April 2, 1993, Friday, CITY EDITION
SECTION: VIEWPOINTS; ABOUT RUPERT MURDOCH; Pg. 52
Other Edition: Nassau Pg. 64, Suffolk Pg. 56
LENGTH: 668 words
HEADLINE: His News Is Bad News
BYLINE: By Mitchell Stephens. Mitchell Stephens is chairman of the Department of Journalism and Mass Communication of New York University and the author of "A History of News" (Penguin).
RUPERT MURDOCH'S likely return to control of the New York Post may be good for the newspaper's employees, but it is disturbing news for those of us who are concerned with keeping political debate in this city honest and fair. For Murdoch was more than the publisher who, with such headlines as "Headless Body in Topless Bar," began the current wave of tabloid sensationalism in New York City. He was, during his first run as the Post's owner, from 1977 to 1988, unscrupulous in his use of the paper's news columns to advance his political causes.
Almost all American daily newspapers today at least try to keep their editorial opinions from influencing their news coverage. It is a worthy effort, given how few newspapers are left for readers to turn to for news. The Post under Murdoch made no such effort.
Here are some examples from studies I helped conduct:
During the month before the 1977 mayoral primary, the Post's early editions ran no unfavorable stories about Murdoch's candidate, Edward Koch, but many nasty stories about Koch's opponents, such as "The Blond Millionairess Whose Big Bucks Back Cuomo." The Post mentioned Koch favorably in four front-page headlines; the six other candidates were mentioned favorably on the front page a total of once. Koch received 32 inches of favorable coverage on pages 2 through 5, all the other candidates, including the incumbent, Mayor Abraham Beame, a total of 35 inches.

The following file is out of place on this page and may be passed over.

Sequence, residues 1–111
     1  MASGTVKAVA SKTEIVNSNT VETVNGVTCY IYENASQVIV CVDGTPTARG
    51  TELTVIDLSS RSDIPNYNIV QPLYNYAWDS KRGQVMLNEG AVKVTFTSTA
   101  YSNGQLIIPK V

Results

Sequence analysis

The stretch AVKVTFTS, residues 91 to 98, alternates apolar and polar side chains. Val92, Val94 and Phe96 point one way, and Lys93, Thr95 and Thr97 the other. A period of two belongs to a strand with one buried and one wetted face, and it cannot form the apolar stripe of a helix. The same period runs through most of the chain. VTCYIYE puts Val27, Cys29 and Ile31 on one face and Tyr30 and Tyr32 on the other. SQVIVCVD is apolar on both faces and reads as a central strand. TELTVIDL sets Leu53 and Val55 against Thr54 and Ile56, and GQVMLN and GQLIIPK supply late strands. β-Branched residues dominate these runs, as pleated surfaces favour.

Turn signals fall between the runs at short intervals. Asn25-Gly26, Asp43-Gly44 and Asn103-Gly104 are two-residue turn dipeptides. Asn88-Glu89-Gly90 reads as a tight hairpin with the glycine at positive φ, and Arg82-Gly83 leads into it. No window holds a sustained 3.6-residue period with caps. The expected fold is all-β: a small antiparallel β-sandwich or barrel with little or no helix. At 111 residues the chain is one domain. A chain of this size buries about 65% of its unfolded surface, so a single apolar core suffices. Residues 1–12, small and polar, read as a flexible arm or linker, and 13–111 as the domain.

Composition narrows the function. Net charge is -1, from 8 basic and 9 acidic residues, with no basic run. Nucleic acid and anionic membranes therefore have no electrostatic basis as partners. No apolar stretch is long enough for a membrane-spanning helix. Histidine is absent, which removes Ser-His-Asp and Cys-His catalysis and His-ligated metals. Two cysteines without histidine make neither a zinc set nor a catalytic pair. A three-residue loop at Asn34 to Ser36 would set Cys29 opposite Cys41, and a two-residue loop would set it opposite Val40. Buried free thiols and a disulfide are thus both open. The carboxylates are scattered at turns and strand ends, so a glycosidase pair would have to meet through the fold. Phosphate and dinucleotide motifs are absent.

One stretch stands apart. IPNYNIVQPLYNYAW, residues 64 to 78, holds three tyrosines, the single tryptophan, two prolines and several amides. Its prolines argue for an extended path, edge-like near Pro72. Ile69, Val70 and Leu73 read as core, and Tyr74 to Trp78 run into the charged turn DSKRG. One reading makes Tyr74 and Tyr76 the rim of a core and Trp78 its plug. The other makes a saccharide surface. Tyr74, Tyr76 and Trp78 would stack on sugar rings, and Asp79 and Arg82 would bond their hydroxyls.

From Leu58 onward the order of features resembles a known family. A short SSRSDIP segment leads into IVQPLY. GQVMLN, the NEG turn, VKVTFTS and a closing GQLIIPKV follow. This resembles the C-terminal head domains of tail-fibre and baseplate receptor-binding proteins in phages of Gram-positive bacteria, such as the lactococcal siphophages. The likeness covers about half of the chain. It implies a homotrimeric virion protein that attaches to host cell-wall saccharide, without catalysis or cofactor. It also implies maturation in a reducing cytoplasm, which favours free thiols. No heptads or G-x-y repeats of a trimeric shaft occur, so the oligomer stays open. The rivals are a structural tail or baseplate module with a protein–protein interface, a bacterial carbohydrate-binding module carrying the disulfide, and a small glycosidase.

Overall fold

In 1980, Murdoch's support of Ronald Reagan in his race for the presidency against Jimmy Carter spilled all over the Post's news columns, as was apparent in these headlines: "Reagan: I'll Save the Middle Class" - a scoop proclaimed in red ink on the front page. "Israel Fears Carter Victory" - the article referred to by this front-page headline included no quotes from any Israeli, named or unnamed, supporting the charge. "Stars Want Ron to Get the Part" - no stars supporting Carter were quoted. "Khomeini Pulls the Strings," and then in smaller type, "Carter Back on Campaign Trail" - this intriguing pairing of thoughts was given two-thirds of the front page on the day before the election.
On Jan. 25, 1982, a front-page headline in the Post - not, of course, labeled an editorial - proposed "Ed Koch for Governor." Koch had not entered the race and had not been included 10 days earlier in the newspaper's discussion of 11 possible candidates. But, after the paper invited readers to fill out a Koch for Governor coupon on its news pages every weekday for the next two weeks and ran news headlines such as "Apple Loves Koch," the then-mayor eventually entered the primary, which he went on to lose to Mario Cuomo.
When other papers "endorse you, you get one column on the editorial page," groused Cuomo at the time. "With Rupert, he turns the whole paper over to you."
Murdoch's flagrantly partisan style of journalism was common in the United States a hundred years ago. But then each city had many newspapers; they balanced each other's slants. New York now has only three other general-circulation dailies, and they attempt to honor the line between news coverage and opinion columns or editorials. If Murdoch returns, there will again be no one to balance his front-page crusades and assaults.
That may be one reason so many politicians, including Cuomo, are trying to get on Murdoch's good side by helping in his bid to regain control of the Post. Because his support extended beyond the editorial page, Murdoch was for a time arguably the most powerful political force in the country's largest city. He may very well become that again.
The problem, if Murdoch regains control, is that the city's newspaper readers, conditioned to expect a different kind of journalism, may not understand that many of the news stories they will be reading in the Post may not be the result of normal reporting but rather expressions of the publisher's personal political preferences. That would be unfortunate for them and for the political life of this city.
GRAPHIC: Photo- Mitchell Stephens